What types of flooring are best if you have allergies o

What types of flooring are best if you have allergies o

What types of flooring are best if you have allergies or asthma?

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September 04, 2014 03:11 AM

Best types of floors for those with allergies or asthma

If you or your kids have allergies or asthma, selecting the best type of flooring can have a big impact on the air quality, as many allergens can collect and get trapped in the floors. Often, the flooring can be the biggest source of allergens.   As a general rule, carpeting is the worst choice for allergies while wood or cork flooring are the best selections. And, generally hard surfaces will be better options than carpet.

Reasons to avoid carpets if you have allergies

Allergy suffers should avoid the deep pile of most carpets as these tend to hold allergens from dust mites, mold, pollen, pet dander, as well as dirt. Carpeting can also retain moisture, which encourages the growth of mold and mildew. Some dispute the negative relationship of carpeting to allergies, but there is no doubt that it holds more dust, dirt and moisture than any other kind of flooring, making it an ideal environment for dust mites. If you have carpet, or area rugs (or are required to have carpet), low pile (including looped carpets) are better options and so are natural fiber carpets such as wool or sisal. And, if you do have carpet, vacuum frequently. There are also hypoallergenic and low VOC carpet padding (such as felt or Shaw’s Triple Touch Carpet padding ) which tend to be better for allergies or asthma. But, hardwood or cork (or other hard surfaces) are generally much better options.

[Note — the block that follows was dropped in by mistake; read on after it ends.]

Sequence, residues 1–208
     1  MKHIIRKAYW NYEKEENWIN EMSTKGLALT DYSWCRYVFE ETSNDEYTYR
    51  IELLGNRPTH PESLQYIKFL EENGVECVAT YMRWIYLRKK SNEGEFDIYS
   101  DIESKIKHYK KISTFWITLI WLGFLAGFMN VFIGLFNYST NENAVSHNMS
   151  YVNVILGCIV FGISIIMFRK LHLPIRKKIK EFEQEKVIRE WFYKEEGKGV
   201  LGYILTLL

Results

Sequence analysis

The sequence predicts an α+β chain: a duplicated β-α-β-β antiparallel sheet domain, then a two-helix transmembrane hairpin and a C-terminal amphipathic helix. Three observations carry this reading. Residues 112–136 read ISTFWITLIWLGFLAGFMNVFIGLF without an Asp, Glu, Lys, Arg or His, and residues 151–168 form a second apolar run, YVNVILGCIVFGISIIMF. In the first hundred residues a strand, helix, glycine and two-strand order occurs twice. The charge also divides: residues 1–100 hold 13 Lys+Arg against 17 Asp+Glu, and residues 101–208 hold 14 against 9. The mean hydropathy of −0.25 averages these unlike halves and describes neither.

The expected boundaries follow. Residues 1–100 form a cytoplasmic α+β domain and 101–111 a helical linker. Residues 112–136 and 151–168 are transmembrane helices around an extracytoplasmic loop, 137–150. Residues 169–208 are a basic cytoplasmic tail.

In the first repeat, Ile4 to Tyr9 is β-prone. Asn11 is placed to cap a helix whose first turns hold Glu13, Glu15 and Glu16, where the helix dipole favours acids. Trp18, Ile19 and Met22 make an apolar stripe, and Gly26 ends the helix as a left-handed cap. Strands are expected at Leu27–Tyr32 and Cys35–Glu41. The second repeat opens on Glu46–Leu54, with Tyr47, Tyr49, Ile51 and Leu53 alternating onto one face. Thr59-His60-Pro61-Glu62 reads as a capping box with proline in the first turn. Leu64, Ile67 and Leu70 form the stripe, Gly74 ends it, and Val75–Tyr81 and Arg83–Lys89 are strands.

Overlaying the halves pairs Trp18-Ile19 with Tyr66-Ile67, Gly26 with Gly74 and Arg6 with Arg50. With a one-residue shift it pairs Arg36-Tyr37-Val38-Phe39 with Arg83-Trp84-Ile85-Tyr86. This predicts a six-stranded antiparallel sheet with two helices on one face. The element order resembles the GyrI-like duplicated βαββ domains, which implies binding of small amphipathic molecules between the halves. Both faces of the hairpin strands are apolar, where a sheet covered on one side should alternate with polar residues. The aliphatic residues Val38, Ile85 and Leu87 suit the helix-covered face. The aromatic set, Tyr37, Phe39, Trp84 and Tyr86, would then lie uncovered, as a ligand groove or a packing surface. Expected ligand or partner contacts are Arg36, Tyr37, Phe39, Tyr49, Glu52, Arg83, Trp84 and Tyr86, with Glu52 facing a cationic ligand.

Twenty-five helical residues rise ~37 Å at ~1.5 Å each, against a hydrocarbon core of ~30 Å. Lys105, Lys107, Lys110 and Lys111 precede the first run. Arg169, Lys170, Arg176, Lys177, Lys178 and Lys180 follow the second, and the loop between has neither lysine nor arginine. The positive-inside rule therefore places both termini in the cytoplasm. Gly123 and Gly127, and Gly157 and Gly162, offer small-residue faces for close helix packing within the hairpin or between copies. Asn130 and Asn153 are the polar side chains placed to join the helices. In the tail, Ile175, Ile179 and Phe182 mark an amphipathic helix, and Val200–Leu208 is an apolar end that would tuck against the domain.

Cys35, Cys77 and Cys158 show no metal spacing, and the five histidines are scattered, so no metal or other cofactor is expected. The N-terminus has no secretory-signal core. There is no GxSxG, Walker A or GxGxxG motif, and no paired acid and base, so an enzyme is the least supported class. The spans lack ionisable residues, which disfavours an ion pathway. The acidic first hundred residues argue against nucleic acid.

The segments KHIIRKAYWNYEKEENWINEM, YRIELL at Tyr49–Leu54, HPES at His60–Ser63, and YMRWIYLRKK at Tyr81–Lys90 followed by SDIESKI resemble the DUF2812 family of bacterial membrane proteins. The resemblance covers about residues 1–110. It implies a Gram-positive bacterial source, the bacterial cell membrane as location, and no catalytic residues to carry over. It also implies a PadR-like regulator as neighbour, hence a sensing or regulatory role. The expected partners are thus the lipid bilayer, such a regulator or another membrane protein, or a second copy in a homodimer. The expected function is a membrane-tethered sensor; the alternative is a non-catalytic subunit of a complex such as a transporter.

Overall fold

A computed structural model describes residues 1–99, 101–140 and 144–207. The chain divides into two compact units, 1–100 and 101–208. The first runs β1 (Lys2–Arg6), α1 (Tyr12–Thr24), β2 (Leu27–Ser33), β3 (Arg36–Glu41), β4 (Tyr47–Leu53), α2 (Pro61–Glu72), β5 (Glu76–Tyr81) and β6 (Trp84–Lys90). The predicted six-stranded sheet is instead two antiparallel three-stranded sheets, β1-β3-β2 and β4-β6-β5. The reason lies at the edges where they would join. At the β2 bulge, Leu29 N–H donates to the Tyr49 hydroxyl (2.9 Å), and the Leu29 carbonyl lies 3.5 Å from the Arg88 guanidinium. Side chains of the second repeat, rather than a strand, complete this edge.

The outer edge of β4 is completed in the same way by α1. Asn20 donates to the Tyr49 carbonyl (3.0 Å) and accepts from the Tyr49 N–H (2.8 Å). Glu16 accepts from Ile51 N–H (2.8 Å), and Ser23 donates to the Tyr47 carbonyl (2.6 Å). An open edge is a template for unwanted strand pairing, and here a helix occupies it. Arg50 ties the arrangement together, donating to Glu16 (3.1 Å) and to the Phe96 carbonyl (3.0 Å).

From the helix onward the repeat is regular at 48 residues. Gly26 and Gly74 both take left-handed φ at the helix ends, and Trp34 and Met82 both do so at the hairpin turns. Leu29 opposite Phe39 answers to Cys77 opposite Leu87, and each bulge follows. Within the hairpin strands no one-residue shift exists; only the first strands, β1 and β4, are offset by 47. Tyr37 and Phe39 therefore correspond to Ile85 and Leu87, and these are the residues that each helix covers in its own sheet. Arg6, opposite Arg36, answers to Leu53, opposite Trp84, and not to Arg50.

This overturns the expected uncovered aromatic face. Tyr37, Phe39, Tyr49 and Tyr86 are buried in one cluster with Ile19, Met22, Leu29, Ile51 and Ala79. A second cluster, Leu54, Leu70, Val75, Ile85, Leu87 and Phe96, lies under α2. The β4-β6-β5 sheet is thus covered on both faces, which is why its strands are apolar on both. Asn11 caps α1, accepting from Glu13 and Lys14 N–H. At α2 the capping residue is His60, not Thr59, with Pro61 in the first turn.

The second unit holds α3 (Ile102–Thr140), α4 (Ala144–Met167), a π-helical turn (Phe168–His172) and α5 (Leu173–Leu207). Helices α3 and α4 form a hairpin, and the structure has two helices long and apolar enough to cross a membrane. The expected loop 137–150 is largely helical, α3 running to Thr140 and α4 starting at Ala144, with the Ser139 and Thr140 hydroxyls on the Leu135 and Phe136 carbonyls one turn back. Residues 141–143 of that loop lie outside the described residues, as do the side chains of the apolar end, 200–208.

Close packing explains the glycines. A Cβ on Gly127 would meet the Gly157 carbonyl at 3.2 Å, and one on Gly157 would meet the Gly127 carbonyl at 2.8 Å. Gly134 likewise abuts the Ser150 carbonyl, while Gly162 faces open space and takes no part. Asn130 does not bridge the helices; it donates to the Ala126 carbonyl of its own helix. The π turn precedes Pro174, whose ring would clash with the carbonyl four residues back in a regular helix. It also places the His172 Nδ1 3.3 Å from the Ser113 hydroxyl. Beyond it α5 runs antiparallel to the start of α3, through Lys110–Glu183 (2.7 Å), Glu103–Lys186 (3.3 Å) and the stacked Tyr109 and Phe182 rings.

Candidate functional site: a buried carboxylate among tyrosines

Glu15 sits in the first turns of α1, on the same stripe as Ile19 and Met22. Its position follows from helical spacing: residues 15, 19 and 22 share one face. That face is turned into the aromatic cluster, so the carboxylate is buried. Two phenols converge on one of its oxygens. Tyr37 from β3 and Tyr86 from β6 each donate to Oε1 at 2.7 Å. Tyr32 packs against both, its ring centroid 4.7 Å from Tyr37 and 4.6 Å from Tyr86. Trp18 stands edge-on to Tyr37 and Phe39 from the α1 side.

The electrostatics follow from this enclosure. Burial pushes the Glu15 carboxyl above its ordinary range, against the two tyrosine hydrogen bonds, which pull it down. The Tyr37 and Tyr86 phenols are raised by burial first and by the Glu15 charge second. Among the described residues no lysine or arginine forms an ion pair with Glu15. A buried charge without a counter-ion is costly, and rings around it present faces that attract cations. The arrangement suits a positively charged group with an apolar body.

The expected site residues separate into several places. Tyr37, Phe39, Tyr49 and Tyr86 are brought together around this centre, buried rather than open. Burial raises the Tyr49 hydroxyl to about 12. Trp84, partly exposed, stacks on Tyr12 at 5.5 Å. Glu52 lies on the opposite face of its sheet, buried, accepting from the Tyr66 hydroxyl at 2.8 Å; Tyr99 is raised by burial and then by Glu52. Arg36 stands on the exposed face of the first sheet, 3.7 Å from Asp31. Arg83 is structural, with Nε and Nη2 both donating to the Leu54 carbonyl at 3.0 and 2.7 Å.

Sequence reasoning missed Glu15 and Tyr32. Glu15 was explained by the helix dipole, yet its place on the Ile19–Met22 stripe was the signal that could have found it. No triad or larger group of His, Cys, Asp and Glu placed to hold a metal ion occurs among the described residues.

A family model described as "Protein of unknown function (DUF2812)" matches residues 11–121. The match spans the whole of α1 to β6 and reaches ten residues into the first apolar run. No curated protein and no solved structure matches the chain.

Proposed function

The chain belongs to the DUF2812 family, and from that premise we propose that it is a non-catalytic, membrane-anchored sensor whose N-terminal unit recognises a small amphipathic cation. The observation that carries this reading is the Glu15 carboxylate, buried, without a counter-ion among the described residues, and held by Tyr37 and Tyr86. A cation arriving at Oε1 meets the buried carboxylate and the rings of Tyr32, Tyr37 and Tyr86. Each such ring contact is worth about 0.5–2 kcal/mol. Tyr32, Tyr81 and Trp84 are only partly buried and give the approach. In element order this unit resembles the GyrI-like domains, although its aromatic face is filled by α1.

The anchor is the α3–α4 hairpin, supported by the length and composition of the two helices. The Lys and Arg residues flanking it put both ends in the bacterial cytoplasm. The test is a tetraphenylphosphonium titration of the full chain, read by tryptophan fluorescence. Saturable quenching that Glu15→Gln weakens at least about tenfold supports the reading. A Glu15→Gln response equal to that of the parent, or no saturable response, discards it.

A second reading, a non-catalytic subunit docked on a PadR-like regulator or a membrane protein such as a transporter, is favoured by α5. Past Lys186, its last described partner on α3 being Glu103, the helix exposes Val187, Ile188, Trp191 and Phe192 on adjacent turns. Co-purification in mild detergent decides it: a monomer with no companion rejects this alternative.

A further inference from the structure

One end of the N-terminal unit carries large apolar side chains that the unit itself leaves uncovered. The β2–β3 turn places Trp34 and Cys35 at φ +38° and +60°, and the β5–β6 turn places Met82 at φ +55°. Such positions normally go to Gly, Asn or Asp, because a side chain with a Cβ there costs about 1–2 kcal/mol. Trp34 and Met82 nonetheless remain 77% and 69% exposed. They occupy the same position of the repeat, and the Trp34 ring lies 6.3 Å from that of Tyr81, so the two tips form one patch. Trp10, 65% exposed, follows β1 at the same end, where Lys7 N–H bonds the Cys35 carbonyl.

Hardwood and Cork are the best flooring options for allergy sufferers

Hardwood flooring

Hardwood flooring is an excellent choice for those with asthma or allergies since it’s easy to clean and maintain. It’s the preferred flooring surface for homes in Westchester County and the East Coast. Unlike carpet, hardwood doesn’t trap allergens nor does it provide an environment for them to grow.  Hardwood also improves the value of your home as well, and it typically lasts longer than most other flooring options.

Cork flooring

Cork floors are a wonderful alternative to hardwood. They are inherently mold and mildew resistant due to the antimicrobial presence of suberin. This naturally occurring substance inhibits the growth of mold, mildew, bacteria and other allergens. Cork also helps insulate heat, so they are warm on your feet and they are cozy on your feet. The hard surface makes it easy to clean with a dust mop (ideally a swiffer). Even though cork is porous, the finish prevents allergens from collecting and growing.

And, cork flooring does not require a plywood subfloor, so they provide a great alternative if you have a concrete subfloor in an apartment or lower level of you house. Most cork floors, though, are floating, so it’s important that your subfloor is level/even, otherwise you may need to smooth and/or level out the floors prior to installing cork. Cork is also an eco-friendly product. You can read more about cork here — Cork flooring — how is it made and why is it considered green ?

Tile and Linoleum are also suitable surfaces for those with allergies